This rabbi is really proud of his new “piece” of clothing.
Rabbi Raziel Cohen of Morris County, NJ, has designed a $550 kapota — the long jacket donned by married Hasidic men on Shabbat and holidays — meant to comfortably conceal a gun.
After he got married about two years ago and graduated to wearing a kapota, “I realized right away it was a problem,” said Cohen, 24, of the cumbersome garment, which is traditionally fashioned with buttons and a belt known as a gartel.
The issue: He couldn’t easily pull out the Glock 19 or Glock 17 he always wears during synagogue.
“When you draw a gun, you have to do it safely, quickly and efficiently — ensuring that it’s not a risk to the person drawing the gun or to those around him,” said Cohen, an NRA-certified firearms instructor.
So he designed a “Tactical Kapota” with quick-access snaps hidden under a decoy version of the buttons traditionally required for the jacket.
“The buttons are definitely too time-consuming to undo,” he said, adding that “efficiency” is essential. “The snaps are safer. With this design, you’re able to expose the gun through those layers of material faster.”
Miami-based manufacturer Shaul Snovsky produces and sells the “luxury” kapotas. “People are calling me all the time for the product,” he said. “I’m not trying to sell anybody fear. You don’t want to be sheep going to the slaughter.”
That’s a sentiment that’s spread across the Jewish community after Boston rabbi was stabbed multiple times outside a Jewish day school in July and a teenage student was gunned down and killed was gunned down and killed outside his yeshiva in Denver in August.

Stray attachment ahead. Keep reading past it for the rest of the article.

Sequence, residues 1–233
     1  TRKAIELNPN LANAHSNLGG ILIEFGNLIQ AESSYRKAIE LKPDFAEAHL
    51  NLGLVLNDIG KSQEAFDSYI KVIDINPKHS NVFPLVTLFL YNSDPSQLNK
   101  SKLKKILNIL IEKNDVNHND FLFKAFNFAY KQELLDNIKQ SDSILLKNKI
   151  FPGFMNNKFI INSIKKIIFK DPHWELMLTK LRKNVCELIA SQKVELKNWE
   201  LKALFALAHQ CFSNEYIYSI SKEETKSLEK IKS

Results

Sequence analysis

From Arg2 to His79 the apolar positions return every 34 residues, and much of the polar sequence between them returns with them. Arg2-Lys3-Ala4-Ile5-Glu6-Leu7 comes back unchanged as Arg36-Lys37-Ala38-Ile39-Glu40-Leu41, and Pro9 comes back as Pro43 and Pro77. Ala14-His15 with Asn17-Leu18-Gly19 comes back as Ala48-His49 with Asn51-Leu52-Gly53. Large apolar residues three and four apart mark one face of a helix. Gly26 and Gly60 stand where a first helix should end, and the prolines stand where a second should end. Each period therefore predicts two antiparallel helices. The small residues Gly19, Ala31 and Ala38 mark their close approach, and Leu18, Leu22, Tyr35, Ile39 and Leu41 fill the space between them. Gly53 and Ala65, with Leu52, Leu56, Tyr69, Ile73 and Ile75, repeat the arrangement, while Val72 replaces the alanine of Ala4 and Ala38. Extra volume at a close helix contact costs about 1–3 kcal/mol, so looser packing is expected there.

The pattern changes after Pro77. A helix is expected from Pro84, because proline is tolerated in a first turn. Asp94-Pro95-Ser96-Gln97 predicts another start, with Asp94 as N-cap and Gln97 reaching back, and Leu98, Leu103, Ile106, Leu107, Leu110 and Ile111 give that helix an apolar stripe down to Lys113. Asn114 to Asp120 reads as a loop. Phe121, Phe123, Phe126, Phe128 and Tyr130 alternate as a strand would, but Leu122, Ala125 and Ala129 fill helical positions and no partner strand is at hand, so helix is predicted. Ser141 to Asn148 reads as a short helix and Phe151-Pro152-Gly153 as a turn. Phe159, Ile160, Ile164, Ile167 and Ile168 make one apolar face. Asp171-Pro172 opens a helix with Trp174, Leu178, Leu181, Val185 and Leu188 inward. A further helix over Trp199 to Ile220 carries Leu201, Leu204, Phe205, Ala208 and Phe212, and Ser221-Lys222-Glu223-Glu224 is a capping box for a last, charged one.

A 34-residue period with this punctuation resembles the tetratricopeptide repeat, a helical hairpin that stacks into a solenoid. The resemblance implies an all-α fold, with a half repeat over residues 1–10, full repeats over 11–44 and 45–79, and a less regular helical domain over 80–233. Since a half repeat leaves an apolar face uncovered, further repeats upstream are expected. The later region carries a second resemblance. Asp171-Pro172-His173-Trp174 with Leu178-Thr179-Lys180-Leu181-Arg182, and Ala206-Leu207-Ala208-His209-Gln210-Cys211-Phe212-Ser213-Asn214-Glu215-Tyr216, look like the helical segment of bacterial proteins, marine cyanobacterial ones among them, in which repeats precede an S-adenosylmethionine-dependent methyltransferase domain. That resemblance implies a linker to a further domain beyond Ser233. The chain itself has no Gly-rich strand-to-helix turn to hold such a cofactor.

“The danger increased. I’d like to be safe and be in control — I don’t want to be a victim,” said Aaron, a 20-something Hasidic New Yorker who asked The Post to withhold his last name for safety reasons. “It comes down to a matter of seconds. That’s not enough time to call for help or rely on someone else.
“This kapota allows me to not waste time,” added the married father of young children, who said has a concealed carry permit.
Cohen, who does chaplain work in prisons, is also known as the “Tactical Rabbi,” as he is firearms instructor and founder of National Defensive Firearms Academy. He regularly videos to educate people on protecting themselves and staying safe and gun safety. Indeed, it’s not uncommon to see him outfitted in tactical fatigues and a monogrammed bulletproof vest one day and his traditional black hat and religious attire the next.
“People who think anyone who carries a firearm is a vigilante, that we’re looking for confrontation,” said Cohen, noting that drawing an actual firearm should be the last resort after exhausting every other layer of protection. “It’s not true. People are getting killed in synagogues and houses of worship — the places where we never want to be the most vulnerable, but are the most vulnerable. I don’t want to have a firearm in synagogue, but that’s a perfect world we don’t live in. It’s sad.”
Cohen, who holds a concealed carry permit in a handful of states, also holds a permit to own and purchase firearms and ammunition with a license in New Jersey. (There are firearms that are legally able to be stored in the synagogue, which the rabbi has access to.)
Given the recent rash of Jewish hate crimes around the country, including a spike this past spring stemming from unrest in Israel, tensions are high.
“Anyone who said they weren’t scared is lying,” said Cohen. “I’m not scared only because I’m prepared. We’re not trying to take over the role of law enforcement. We’re just trying to make sure that until we get there, we’re able to protect ourselves.”
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